Gourmet (May 2009)
Before we get to these crostini, a little digression: So Zach sings in a choir. Well, he sang in a choir. The Master Chorale of Washington, a 42-year-old choral group, ceased operations at the end of this season, after the faltering economy decimated the choir's finances. (If you're interested, you can read more about the choir's dissolution and the group's final concert this past Sunday.) Zach sang in the choir for six seasons, so the final concert was a poignant and emotional event.
It was a bittersweet day. Bitter, for the obvious reasons. But sweet, too, because so many of Zach's family members and our friends gathered at the Kennedy Center for the final concert.
In fact, so many of our friends ended up coming that we had decided to invite everyone back to our apartment after the concert for a glass of wine and some snacks.
It was a semi-last minute decision, and with family in town and not a lot of time to cook, we wanted some simple party food that could come together in advance but still impress guests.
What to make?
In planning our post-concert event, we wanted to have food that would be substantial but not take the place of an entire meal. We started with a trip to Trader Joe's for some prepared foods: cheeses, crackers, grapes, smoked almonds, some cured meats, and olives. This could all easily be thrown onto platters right after the concert and served.
But we also wanted some slightly more substantial dishes that we could make ourselves -- and that we could prepare (at least partially) in advance.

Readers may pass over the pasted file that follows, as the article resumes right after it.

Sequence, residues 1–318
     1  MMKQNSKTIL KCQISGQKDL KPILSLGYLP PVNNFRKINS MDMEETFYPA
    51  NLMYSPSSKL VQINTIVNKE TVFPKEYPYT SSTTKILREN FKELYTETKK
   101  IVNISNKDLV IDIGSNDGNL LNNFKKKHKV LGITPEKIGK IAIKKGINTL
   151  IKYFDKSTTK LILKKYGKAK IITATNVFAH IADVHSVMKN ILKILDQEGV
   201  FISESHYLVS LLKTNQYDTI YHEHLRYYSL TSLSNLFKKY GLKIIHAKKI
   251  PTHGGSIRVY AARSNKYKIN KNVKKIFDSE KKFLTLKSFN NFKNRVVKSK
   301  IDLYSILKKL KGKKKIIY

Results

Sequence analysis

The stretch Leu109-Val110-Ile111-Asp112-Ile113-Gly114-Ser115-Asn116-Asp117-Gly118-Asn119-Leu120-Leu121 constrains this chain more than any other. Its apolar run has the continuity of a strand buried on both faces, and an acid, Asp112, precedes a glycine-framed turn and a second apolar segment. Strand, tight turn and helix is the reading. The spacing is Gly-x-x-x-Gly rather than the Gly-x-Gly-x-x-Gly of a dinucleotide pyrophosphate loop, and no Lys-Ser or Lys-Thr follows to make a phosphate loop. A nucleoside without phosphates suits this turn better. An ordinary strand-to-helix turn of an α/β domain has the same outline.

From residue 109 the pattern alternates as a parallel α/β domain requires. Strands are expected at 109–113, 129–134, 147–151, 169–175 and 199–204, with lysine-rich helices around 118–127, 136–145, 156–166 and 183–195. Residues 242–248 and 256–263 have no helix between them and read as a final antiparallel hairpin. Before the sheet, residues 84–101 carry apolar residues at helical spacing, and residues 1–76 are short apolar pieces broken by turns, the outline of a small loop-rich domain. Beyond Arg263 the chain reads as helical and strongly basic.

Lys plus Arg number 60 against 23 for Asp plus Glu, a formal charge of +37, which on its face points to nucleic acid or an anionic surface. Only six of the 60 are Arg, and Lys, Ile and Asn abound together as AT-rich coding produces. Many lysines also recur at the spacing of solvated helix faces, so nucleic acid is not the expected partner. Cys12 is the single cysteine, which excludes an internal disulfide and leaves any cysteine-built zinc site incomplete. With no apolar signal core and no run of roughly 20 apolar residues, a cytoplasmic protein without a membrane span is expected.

This Arugula and Fava-Bean Crostini -- from Gourmet's May "Cucina Paradiso" feature about Tuscan-inspired meals -- was just the ticket.
But we couldn't find any fresh fava beans. So we went with the recipe's suggested substitution of frozen, shelled edamame (also from Trader Joe's). We always keep a bag or two on hand anyway.
We made the the bread for the crostini on Sunday morning, toasting and cooling it and then sealing it an airtight container.
We also made the topping (except for the arugula) ahead of time. Then, when we returned home from the concert, pulling this appetizer together was as simple as adding the arugula to mixture, spooning the mash onto crostini and sprinkling with mint.
The result is a vibrant and fresh crostini -- bright flavors on crusty bread -- and just perfect for a summer get-together.
yield: Makes 8 servings
active time: 30 min
total time: 30 min
* 1 cup shelled fresh fava beans (1 1/4 pounds in pods) or shelled fresh or frozen edamame (soybeans; 3/4 pounds in pods)
* 1/4 cup plus 1 tablespoon extra-virgin olive oil, divided, plus additional for drizzling
* 1 1/2 cups packed baby arugula (1 1/2 ounces), divided
* 3 tablespoons grated Pecorino Toscano or Parmigiano-Reggiano
* 1/4 teaspoon grated lemon zest
* 1/2 teaspoon fresh lemon juice
* 1 baguette
* 1 garlic clove, halved crosswise
* 16 mint leaves
Preheat oven to 350°F with rack in middle.
Cook fava beans in boiling water, uncovered, until tender, 3 to 4 minutes, then drain and transfer to an ice bath to stop cooking. Gently peel off skins (if using edamame, don't peel).
Pulse fava beans in a food processor until very coarsely chopped, then transfer half of mixture to a large bowl. Add 1/4 cup oil, 1/2 cup arugula, cheese, lemon zest and juice, 1/2 teaspoon salt, and 1/8 teaspoon pepper to favas in processor and purée until smooth. Add to bowl. Coarsely chop remaining cup arugula and gently fold into fava-bean mixture.
Cut 16 diagonal slices (1/3 inch thick) from baguette and put in a 4-sided sheet pan. Drizzle with remaining tablespoon oil. Bake until pale golden and crisp, 8 to 10 minutes. Rub with cut side of garlic.
Spoon fava-bean mixture onto baguette toasts, then drizzle with oil and top with mint.
•Topping, without chopped arugula, can be made 8 hours ahead and chilled. Fold in arugula before using.
•Toasts can be made 1 day ahead and kept in an airtight container at room temperature.